It was lodged pretty tight, and I had trouble working it loose. I still had my safety belt fastened which kept me reasonably secure, even with the way the tail section kept pitching. It seemed that I had been there a long time and that surely I would hit the ground before I could ever get out. I told God that if he helped me live, I would be His forevermore. I knew they would send my stuff back home to my folks. My sister had sent me a letter in which she had included a racy story. I knew my folks would get the letter and would be dissappointed in both of us.
The tail section had broken away from the rest of the airplane just ahead of the horizontal stabilizers. The left stabilizer was broken off so that the tail, when it would settle briefly, would put the escape hatch toward the sky, slightly to the right. I unfastened the safety belt, snapped the parachute on and began making my way toward the front. Up to this point I hadn't realized that I was the only one there.
I thought I wouldn't try to go through the hatch. I'd see what was happening up front. Then I saw that there was a big ragged hole there, so I pulled the hatch release. The door didn't budge. All this time the tail was swinging. It had slowed down somewhat, but when I'd get that extreme pressure, I'd cling to the braces until I could move again. That door did come loose when I kicked it a few times and I climbed up and out and away. I couldn't pull the rip cord because the tail and I were too close together, but finally the elements separated us, as I descended fast and the tail went ahead faster. I pulled and the chute opened, I swung three, maybe four times, and came to a bouncy landing on the tile roof of a building. It was a rural house and barn together.
I slid down the roof onto a manure pile, dragging some tile and some chimney with me. I dug a large hold in the cow manure and buried the parachute. When I looked around, I saw the tail of a B-17 about a block and a half away. My first thought was that someone else had crashed here- then I realized that it was the one I had just gotten out of. I said "Thank You" to God and tried the door of the house. It didn't give. I knocked on the door and said, "I'm an American." But I didn't get any response. I was pretty sure I had seen someone at a window, but I didn't pursue the matter due mostly to the fact that I saw German soldiers heading my way. The house was on what I think was the west side of the road. The soldiers were on the east side of the road and between a quarter and a half mile away. There was a growth of underbrush along the east side of the road and I lay down in the ditch among the underbrush while the soldiers went past. They hadn't seen me, but they were going to examine the biggest piece of the airplane they could find. That was the tail.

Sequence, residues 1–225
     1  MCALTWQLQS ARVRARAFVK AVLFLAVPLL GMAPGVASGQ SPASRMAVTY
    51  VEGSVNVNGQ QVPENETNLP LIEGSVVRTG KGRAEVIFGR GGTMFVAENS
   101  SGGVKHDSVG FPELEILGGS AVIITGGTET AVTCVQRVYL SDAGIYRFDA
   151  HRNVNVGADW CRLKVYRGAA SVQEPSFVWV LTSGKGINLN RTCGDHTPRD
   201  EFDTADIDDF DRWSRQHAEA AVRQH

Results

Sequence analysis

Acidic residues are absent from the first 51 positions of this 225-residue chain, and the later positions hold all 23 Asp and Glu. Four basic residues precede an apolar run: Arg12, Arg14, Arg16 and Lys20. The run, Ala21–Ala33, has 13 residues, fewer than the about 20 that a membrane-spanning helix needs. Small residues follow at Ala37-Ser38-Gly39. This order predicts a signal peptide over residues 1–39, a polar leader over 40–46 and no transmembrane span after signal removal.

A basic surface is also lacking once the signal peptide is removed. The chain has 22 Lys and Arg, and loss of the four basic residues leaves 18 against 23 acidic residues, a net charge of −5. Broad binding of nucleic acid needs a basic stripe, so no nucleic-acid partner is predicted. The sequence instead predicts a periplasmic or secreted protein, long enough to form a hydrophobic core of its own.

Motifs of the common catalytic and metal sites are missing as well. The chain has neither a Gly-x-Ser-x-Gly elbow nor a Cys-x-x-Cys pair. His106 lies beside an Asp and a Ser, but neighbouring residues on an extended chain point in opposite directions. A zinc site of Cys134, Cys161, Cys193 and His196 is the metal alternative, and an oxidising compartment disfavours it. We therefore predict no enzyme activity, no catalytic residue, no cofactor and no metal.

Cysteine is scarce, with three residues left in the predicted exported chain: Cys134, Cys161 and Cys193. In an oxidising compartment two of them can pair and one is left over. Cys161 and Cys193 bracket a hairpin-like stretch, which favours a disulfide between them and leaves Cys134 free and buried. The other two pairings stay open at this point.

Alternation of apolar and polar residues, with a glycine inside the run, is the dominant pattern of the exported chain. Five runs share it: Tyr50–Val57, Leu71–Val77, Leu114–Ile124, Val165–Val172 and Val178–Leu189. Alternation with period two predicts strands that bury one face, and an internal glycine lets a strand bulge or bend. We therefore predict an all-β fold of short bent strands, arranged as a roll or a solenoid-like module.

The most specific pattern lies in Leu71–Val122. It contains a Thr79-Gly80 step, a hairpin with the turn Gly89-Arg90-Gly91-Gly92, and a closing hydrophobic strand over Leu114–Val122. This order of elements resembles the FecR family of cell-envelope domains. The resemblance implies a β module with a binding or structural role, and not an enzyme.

I don't know how many soldiers there were, but I think eight or ten. After the soldiers had gone, a man and a woman, each on abicycle, came riding by where I was hiding. The woman said "Follow him." Then she turned her bicyle around, and I got up and started running after the man. We were going north.
After about a half mile we came to an intersection in the road. There was a house on the east side. There was a German convoy of several trucks crossing the road from the east. The man pointed toward the house, but I ducked down into the ditch to wait for the convoy to go by. Whenit was gone, I got up and went to the house and tried to open the door. It wouldn't open.
I went around to the east side of the house where a lean-to had been built on the north and on the east, but the south side had been left open. Inside the shed were several rows of firewood piled the width of the shed that left a little room at the top of the shed.I clambered up and over the pile of wood, thinking I would crawl back as far as I could and try to hide. When I got back there, I found that there was about 3 feet of space between the wood and the north wall. I climbed down to the ground and lay down to let my heart pound a while. Whether it makes any difference or not, I think it was close to one o'clock when I got to my hiding place. The longer I stayed there the more secure I felt. I fell asleep and when I awakened, it was dark. Then I realized that there was ome activity that aroused me. A small door that I hadn't noticed earlier was opened. This door was in the north wall close to the west side.
I was lying so that my head was toward the west, and I was on my right side so that I faced the south. That caused my back to be toward the little door. I didn't move. Someone reached his hand in the door and touched my head. I still didn't move. He moved his hand down to my shoulder, and then down my arm to my hand and laid a package in my hand, closed to door and left.